James R: For a long time, my rule of thumb for comics greatness has been the re-read test - on getting to the final page of an issue, do I immediately want to go back to the start and devour it again? Gideon Falls is a book that passes this test with aplomb. The third chapter is a triumph of both storytelling from Lemire and breathtaking art from Sorrentino. I share Jeff Lemire's love of Twin Peaks, and the influence of that show can be seen in both the intriguing mystery and the unsettling atmosphere of the plot. Truth be told, that would probably be enough for me to love the book, but Sorrentino's art is amazing - the detail he brings to two rooms, far apart but both infused with a complex world of conspiracy and connections, is a joy to behold. Gideon Falls really does feel like a book where both creators are absolutely at the top of their game - this is a series that doesn't just require a re-read, it demands one. 9/10

Writer: Jason Aaron
Art: Ed McGuinness, Mark Morales, Jay Lesisten & David Curiel
Marvel $3.99

Matt C: Following a solid opener, we rush a bit too swiftly into fighting mode, which isn’t an unexpected direction for a superhero comic to take but I was looking for a bit more in the way of establishing the characters. That may sound like a faintly ridiculous statement for a comic featuring iconic creations that have been around for numerous decades, but things ramp up a little too quickly for Aaron’s take on this new team of Avengers to bed in. Sometimes emotional engagement between the players on the board is more effective than physical engagement. McGuinness’ art is as robust and efficient as you’d expect, and a certain character’s appearance (which won’t be a surprise for anyone who’s seen advance solicitations for the series) is perhaps signposted a little too heavily before the reveal. That said, even though this issue experiences the sophomore drop, there are too many enticing elements in play for me to not to come back for another look. 6/10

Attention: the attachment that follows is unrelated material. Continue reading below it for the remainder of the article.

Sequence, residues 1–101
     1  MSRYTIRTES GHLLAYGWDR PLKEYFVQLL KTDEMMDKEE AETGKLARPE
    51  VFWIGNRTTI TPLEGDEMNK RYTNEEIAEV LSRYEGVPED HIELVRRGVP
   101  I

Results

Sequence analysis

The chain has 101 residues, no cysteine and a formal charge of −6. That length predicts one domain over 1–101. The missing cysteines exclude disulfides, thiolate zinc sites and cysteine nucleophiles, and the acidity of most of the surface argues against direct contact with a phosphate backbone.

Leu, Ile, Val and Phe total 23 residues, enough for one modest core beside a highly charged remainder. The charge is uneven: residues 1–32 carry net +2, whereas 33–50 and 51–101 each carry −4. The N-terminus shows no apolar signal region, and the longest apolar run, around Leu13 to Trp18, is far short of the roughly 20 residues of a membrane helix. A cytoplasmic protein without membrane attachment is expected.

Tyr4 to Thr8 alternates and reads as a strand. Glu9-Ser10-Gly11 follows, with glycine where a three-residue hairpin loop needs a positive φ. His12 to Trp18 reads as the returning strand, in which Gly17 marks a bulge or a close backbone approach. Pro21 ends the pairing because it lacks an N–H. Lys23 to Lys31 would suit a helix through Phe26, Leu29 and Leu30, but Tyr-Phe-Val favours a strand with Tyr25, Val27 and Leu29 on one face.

Writer: Brian K. Vaughan
Artists: Marcos Martin & Muntsa Vicente
Image $3.99